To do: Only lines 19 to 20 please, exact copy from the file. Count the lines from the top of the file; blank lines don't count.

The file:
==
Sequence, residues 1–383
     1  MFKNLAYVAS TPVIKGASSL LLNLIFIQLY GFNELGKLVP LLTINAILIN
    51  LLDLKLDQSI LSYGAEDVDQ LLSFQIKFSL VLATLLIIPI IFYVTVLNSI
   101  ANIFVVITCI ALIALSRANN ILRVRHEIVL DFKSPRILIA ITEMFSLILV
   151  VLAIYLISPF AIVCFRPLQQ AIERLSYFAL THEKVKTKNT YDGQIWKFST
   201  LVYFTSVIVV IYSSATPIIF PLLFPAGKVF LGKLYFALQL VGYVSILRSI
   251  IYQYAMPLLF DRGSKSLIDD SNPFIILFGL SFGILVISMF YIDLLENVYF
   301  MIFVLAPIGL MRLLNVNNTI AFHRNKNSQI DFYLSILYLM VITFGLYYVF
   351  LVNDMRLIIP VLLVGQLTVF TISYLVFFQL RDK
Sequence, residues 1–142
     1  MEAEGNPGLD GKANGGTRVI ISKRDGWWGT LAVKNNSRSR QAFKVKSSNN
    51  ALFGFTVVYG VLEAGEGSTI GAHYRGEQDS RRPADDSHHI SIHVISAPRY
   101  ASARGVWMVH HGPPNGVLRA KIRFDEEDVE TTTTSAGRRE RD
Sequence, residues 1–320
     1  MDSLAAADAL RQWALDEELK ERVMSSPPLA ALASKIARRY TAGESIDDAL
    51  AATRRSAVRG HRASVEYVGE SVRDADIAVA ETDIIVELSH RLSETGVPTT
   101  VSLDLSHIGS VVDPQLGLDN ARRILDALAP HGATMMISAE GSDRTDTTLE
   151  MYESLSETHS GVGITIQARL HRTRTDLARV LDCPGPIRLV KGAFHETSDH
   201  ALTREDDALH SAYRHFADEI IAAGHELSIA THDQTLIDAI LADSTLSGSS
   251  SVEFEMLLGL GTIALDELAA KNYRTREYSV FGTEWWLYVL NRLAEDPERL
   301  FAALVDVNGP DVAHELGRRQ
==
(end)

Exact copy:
   201  ALTREDDALH SAYRHFADEI IAAGHELSIA THDQTLIDAI LADSTLSGSS
   251  SVEFEMLLGL GTIALDELAA KNYRTREYSV FGTEWWLYVL NRLAEDPERL